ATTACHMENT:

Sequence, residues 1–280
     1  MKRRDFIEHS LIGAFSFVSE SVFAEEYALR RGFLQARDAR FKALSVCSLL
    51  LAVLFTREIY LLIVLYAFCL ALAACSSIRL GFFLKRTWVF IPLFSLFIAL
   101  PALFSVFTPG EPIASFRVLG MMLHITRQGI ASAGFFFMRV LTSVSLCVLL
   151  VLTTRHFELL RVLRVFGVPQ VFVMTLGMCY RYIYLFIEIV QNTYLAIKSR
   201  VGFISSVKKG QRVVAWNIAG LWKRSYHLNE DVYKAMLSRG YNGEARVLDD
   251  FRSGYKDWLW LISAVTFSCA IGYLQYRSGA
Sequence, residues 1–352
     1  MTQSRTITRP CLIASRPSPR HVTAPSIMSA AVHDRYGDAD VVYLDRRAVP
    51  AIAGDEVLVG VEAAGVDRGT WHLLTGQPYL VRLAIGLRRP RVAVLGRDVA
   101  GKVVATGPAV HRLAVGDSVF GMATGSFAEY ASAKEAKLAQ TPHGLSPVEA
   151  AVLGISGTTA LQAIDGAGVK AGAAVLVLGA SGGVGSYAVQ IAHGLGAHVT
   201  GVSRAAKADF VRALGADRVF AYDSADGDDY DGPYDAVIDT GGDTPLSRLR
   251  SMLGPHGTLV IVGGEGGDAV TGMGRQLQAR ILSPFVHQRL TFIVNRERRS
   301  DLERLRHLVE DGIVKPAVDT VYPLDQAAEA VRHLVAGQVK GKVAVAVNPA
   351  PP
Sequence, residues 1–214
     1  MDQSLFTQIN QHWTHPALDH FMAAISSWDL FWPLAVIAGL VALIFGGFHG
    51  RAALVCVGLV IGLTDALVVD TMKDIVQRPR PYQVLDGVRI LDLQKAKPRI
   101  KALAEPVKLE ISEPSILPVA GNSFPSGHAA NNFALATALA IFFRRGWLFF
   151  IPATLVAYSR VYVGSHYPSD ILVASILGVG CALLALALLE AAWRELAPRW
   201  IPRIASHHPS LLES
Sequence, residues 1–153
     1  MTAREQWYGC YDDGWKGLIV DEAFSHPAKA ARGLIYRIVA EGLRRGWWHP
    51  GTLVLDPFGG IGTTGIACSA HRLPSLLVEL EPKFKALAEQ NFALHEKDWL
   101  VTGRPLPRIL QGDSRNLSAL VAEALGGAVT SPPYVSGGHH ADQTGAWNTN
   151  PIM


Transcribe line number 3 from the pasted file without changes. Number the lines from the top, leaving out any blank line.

    51  LAVLFTREIY LLIVLYAFCL ALAACSSIRL GFFLKRTWVF IPLFSLFIAL